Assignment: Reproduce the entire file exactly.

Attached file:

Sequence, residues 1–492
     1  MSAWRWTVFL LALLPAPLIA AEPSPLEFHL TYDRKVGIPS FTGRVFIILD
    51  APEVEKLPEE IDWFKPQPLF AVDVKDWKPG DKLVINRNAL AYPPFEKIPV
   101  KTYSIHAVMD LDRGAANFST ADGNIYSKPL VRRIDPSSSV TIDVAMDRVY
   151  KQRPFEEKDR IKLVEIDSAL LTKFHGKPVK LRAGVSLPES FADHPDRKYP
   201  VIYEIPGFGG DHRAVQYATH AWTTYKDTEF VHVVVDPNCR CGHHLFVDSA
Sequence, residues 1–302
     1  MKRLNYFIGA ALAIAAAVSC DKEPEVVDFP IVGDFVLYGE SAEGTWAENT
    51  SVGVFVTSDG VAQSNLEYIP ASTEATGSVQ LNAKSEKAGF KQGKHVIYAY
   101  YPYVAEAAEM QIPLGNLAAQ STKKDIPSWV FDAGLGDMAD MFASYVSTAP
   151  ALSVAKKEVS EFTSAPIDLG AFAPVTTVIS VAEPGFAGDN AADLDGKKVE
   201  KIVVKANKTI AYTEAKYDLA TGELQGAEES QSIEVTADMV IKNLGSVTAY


Sequence, residues 1–492
     1  MSAWRWTVFL LALLPAPLIA AEPSPLEFHL TYDRKVGIPS FTGRVFIILD
    51  APEVEKLPEE IDWFKPQPLF AVDVKDWKPG DKLVINRNAL AYPPFEKIPV
   101  KTYSIHAVMD LDRGAANFST ADGNIYSKPL VRRIDPSSSV TIDVAMDRVY
   151  KQRPFEEKDR IKLVEIDSAL LTKFHGKPVK LRAGVSLPES FADHPDRKYP
   201  VIYEIPGFGG DHRAVQYATH AWTTYKDTEF VHVVVDPNCR CGHHLFVDSA
Sequence, residues 1–302
     1  MKRLNYFIGA ALAIAAAVSC DKEPEVVDFP IVGDFVLYGE SAEGTWAENT
    51  SVGVFVTSDG VAQSNLEYIP ASTEATGSVQ LNAKSEKAGF KQGKHVIYAY
   101  YPYVAEAAEM QIPLGNLAAQ STKKDIPSWV FDAGLGDMAD MFASYVSTAP
   151  ALSVAKKEVS EFTSAPIDLG AFAPVTTVIS VAEPGFAGDN AADLDGKKVE
   201  KIVVKANKTI AYTEAKYDLA TGELQGAEES QSIEVTADMV IKNLGSVTAY